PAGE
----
Major League Baseball is set to conduct a number of rules experiments during the 2021 minor league season, among them the use of larger bases, as well as restrictions on defensive positioning.
Saying it is interested in more game action, as well as pace of play in the era of deep pitch counts, rising strikeouts and home runs, MLB will have multiple levels of the minor leagues experiment with different changes.
“The game on the field is constantly evolving, and MLB must be thoughtful and intentional about progressing toward the very best version of baseball — a version that is true to its essence and has enough consistent action and athleticism on display to entertain fans of all ages,” former Chicago Cubs president of baseball operations and current MLB consultant Theo Epstein said in a release.
“These rules experiments will provide valuable insight into various ways to create a playing environment that encourages the most entertaining version of the game. What we learn in the minor leagues this year will be essential in helping all parties chart the right path forward for baseball.”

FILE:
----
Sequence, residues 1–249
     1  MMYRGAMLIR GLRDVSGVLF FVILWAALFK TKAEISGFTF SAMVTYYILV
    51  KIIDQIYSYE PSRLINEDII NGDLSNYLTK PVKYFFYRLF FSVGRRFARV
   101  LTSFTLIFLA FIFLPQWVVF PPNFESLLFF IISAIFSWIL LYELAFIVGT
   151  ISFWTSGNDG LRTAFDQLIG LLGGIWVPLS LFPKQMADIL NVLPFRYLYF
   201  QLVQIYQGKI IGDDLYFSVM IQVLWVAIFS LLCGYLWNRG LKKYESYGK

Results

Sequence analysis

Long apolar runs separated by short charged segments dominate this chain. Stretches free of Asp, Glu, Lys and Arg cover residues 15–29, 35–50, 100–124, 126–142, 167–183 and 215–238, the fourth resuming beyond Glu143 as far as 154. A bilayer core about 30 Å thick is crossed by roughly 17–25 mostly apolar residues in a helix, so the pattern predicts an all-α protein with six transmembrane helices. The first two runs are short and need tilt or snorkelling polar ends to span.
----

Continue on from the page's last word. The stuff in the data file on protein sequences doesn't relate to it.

At Triple-A, the bases will be enlarged to 18 square inches from the typical 15 square inches. Aside from a safety measure, MLB wants to see if the slight distance reduction between bases will increase steal attempts, as well as what impact it will have on close plays like force outs.
The Double-A level will be asked to undertake defensive position restrictions. All four infielders will be required to have their feet on the infield dirt at the pitch, putting an end to an infielder shifted into a short outfield position.
In the second half of the season at Double-A, a decision will be made on an additional change that would require two infielders to be stationed on each side of second base at the pitch, eliminating an overloaded shift.
Pitchers will be impacted by a change at the high Single-A level. Pitchers will have to first disengage with the rubber in order to throw to a base while holding on a runner, with a penalty of a balk for non-compliance.
When the same step-off rule was used in the Atlanta League in 2019, it created an increase in stolen-base attempts and success rate.
At all low Single-A leagues, pitchers will be limited to two step offs or pickoff throws in a single at-bat. A third attempt would be allowed if it is successful, with a balk called if it is not successful.
At the low Single-A level in the Southeast, there also will be expanded use of the Automatic Ball-Strike System to assist home plate umpires. At low Single-A leagues in the West, additional time restrictions between pitches will be enforced.
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